William Dean: My Life In The City

William Dean is the author of an earlier book called The Pedestrian Revolution, which until recently I hadn’t heard of. A lawyer and lifelong Manhattanite, son of a White Russian émigré, he has an obvious affinity for the city, which doesn’t surprise me, as Europeans usually prefer walkable cities.

This book discusses some likeable traits of Manhattan, such as the museums, restaurants, parks, and general sights and sounds. But I must confess myself disappointed; the book doesn’t measure up to what it really could have been. Dean has been living in New York City all his life, and that means he was here in the 1950’s, 70’s, 80’s and beyond. So how have things changed, Mr. Dean? Who was your favorite New York Mayor? Do you have any crazy stories, or maybe we could hear you reminisce about the eccentric characters of the city? What did you think of Rudy Giuliani?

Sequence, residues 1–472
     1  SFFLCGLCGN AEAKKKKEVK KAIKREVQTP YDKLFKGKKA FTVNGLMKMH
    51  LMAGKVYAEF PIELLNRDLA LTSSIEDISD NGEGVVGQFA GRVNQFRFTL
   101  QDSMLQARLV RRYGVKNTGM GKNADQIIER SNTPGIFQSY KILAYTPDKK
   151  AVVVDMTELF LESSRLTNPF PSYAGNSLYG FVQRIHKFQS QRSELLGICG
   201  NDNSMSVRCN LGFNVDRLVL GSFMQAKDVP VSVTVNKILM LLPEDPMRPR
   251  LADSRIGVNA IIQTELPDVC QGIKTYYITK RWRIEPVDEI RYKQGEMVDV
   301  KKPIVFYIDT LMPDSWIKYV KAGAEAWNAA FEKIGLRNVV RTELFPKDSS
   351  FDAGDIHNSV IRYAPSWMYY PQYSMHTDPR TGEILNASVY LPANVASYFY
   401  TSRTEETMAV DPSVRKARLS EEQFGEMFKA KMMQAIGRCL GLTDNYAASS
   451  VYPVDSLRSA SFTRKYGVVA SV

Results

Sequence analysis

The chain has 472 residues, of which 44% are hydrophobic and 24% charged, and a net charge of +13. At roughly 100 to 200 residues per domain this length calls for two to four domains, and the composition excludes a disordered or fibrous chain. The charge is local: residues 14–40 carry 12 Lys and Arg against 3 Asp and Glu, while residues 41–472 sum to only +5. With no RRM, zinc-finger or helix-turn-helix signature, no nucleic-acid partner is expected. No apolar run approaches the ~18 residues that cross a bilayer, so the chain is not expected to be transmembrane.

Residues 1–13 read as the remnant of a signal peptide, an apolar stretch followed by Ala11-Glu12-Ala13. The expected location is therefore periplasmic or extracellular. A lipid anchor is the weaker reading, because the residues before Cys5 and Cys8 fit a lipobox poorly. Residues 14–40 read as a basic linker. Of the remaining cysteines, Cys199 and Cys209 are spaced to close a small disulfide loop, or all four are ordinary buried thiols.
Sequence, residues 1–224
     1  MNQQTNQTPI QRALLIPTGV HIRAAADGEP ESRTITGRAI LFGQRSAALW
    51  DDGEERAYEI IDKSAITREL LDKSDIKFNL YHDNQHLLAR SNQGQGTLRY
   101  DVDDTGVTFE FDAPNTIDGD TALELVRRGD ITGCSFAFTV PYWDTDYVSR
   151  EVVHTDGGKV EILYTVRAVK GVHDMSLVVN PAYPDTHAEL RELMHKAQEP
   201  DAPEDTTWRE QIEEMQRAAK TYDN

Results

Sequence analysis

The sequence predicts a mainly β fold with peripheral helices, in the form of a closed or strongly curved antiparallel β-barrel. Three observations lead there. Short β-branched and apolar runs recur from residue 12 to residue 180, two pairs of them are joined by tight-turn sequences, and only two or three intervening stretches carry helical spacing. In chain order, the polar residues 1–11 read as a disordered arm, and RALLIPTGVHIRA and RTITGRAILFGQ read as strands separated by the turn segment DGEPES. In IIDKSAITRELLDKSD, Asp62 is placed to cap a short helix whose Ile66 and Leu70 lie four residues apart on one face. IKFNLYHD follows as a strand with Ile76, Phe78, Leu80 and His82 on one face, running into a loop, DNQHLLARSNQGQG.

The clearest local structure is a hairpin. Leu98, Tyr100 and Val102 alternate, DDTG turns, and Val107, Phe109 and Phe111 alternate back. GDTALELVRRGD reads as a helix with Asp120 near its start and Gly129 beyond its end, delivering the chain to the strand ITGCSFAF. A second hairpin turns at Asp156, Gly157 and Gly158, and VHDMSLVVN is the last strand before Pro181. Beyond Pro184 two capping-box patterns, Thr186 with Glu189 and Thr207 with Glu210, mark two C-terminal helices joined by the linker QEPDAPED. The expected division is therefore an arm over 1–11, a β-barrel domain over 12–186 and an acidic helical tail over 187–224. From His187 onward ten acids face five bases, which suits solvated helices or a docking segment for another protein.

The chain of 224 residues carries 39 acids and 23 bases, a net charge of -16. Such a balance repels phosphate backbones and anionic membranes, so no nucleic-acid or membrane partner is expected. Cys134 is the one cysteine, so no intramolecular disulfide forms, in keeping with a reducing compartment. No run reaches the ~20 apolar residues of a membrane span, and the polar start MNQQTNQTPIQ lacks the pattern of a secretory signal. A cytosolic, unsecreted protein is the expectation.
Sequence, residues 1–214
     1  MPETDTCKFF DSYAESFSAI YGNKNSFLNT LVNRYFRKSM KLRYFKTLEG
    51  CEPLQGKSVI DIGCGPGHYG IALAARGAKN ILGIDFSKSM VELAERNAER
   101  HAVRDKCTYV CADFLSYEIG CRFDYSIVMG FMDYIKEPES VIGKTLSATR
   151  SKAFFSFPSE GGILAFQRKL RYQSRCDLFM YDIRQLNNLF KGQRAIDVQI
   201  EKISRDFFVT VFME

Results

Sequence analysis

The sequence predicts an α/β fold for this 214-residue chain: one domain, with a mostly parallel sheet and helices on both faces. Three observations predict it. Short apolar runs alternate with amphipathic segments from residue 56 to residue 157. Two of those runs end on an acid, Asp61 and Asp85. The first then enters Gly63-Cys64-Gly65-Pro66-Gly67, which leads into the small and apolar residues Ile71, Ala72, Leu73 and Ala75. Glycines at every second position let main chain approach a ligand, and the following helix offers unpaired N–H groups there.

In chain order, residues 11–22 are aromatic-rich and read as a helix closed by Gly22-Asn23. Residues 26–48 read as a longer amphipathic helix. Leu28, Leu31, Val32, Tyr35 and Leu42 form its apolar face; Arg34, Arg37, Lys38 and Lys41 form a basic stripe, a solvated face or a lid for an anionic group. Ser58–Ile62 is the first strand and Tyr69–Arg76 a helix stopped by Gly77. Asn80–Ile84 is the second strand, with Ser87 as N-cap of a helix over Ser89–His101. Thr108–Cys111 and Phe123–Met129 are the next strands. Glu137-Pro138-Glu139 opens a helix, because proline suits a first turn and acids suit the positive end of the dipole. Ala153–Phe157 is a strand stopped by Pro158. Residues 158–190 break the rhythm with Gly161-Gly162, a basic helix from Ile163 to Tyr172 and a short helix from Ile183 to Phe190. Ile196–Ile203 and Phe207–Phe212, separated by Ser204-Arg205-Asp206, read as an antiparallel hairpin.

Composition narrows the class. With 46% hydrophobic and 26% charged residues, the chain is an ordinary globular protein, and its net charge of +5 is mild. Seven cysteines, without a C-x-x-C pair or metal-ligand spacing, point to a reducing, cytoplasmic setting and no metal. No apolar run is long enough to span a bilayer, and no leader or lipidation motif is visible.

William Dean could have made this book a lot more fun, so perhaps we’ll see another one in the future. Maybe in this one he can discuss how The Pedestrian Revolution came true?


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